Turkish president Recep Tayyip Erdogan and Greece's new premier Alexis Tsipras made the headlines of most domestic dailies on Tuesday.
Erdogan, speaking to journalists on a plane while returning from a trip to the Horn of Africa, said a presidential government was the best fit for the country.
"Presidential system will unchain shackles," was SABAH’s headline. "The current system is like shackles. Why would we not get rid of it? A presidential government would gain more power for Turkey," the daily quoted Erdogan as saying.
Erdogan, who is Turkey’s first head-of-state to be directly elected, unusually chaired a cabinet meeting earlier this month.
AKSAM also quotes Erdogan as he backed a presidential system to create faster a decision-making process. "There is a presidential system in most of the developed countries. This means it yields results," he added.
VATAN takes another angle on Erdogan's remarks, as he said his government at the time noticed the threat from a "parallel structure" – the name the administration gives to an alleged organization that has infiltrated the judiciary and police forces and is linked to Fethullah Gulen, an Islamic cleric living in the U.S.
"We were victims of our good will," said Erdogan, according to the daily. "We realized it when they made an operation against the National Intelligence chief," he added, referring to a prosecutor who tried to summon intelligence head Hakan Fidan, who had been running confidential talks with the Kurdish armed group, the PKK.
Erdogan's government has amended legislation over investigating intelligence personnel; such probes are now only possible with the prime minister’s approval.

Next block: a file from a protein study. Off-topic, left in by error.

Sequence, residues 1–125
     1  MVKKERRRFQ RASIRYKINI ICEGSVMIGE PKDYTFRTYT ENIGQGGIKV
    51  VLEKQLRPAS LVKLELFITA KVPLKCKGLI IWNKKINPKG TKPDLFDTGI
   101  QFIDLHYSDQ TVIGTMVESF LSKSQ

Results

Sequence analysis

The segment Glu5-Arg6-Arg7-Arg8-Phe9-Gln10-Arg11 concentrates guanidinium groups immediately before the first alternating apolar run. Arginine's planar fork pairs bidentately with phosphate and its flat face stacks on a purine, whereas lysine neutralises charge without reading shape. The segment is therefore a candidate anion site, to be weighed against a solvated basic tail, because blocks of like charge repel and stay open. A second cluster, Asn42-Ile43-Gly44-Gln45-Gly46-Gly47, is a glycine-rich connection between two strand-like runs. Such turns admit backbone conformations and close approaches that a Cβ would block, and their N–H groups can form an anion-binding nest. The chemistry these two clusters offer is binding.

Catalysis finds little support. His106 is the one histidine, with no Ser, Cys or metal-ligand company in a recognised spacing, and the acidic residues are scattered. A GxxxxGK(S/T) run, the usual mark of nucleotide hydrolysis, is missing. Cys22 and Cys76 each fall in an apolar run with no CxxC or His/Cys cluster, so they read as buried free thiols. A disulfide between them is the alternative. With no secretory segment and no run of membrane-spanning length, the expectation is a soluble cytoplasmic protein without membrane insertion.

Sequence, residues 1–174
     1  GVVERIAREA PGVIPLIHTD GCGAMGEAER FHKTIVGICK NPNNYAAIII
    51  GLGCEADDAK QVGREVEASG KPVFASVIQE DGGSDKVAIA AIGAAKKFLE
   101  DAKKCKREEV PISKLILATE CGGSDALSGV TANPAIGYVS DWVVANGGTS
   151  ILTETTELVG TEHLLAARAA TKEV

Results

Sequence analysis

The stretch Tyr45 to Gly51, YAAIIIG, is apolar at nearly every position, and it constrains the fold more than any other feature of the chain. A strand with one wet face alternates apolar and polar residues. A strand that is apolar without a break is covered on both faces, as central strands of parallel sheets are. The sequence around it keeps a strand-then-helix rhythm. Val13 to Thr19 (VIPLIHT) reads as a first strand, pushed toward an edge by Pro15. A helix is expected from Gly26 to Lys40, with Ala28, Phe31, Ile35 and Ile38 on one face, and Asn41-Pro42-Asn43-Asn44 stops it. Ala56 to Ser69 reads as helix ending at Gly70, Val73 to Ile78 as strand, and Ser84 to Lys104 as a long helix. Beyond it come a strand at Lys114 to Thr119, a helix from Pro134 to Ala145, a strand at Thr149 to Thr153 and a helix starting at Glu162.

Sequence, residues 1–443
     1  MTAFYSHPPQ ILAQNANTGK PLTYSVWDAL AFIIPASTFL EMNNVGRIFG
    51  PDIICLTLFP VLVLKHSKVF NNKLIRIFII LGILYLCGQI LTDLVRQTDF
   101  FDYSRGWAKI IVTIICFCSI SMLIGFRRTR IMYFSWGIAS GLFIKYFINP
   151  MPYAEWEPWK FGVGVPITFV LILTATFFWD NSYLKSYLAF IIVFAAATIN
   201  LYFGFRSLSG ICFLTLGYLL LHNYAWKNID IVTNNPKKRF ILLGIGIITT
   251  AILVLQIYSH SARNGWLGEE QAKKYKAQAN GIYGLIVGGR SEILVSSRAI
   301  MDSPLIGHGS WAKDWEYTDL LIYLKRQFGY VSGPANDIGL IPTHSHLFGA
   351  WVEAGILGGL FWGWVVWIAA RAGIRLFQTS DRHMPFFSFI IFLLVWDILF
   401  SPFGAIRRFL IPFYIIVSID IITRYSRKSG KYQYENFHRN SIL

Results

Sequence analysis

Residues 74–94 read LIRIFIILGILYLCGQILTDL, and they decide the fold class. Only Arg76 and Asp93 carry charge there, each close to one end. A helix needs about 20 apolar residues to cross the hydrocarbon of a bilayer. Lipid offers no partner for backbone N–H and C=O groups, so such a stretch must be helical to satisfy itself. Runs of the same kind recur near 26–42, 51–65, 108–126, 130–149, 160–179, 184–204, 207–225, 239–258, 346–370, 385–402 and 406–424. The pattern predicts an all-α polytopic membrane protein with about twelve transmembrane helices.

HABERTURK says in its headline: "They would take me down after Fidan," with Erdogan accusing the "parallel structure" of orchestrating a plot against him.
In other news, the Greek election also found wide coverage in Turkish dailies, as YENI SAFAK ran the headline "Europe lost its composure," reporting that the left-wing Syriza party’s victory "upset the balance" on the continent.
Syriza is against austerity measures imposed on the struggling Greek economy and aims to re-negotiate the country's big bulk of debt.
YENI SAFAK also claims that the victorious Greek party supported 2013's wide anti-government protests in Turkey, known as the Gezi Park protests, plus an outlawed far-left organization which conducted a suicide attack at a U.S. embassy in Ankara in early 2013.
HURRIYET focused on Syriza leader Alexis Tsipras' secular oath that he took when becoming prime minister, as he did not swear on the Bible. The daily also reports that three Turkish-origin Syriza MPs took their seats in the Greek parliament.
"Neither Bible, nor tie," headlines VATAN, referring to Tsipras' casual dress. The party formed a new government at "jet speed" with support from a small, right-wing anti-austerity party.
In another news, Turkish dailies cover reports on the Islamic State of Iraq and the Levant's apparent defeat in the Syrian border town of Kobani, following resistance by Kurdish forces and coalition airstrikes for more than six months.
MILLIYET says some of the people who fled the town last September started to turn back as the mainly Kurdish joint forces cleared Kobani of ISIL fighters.
VATAN reports that many in Turkey’s mostly-Kurdish southeast hit the streets to celebrate the liberation of the town.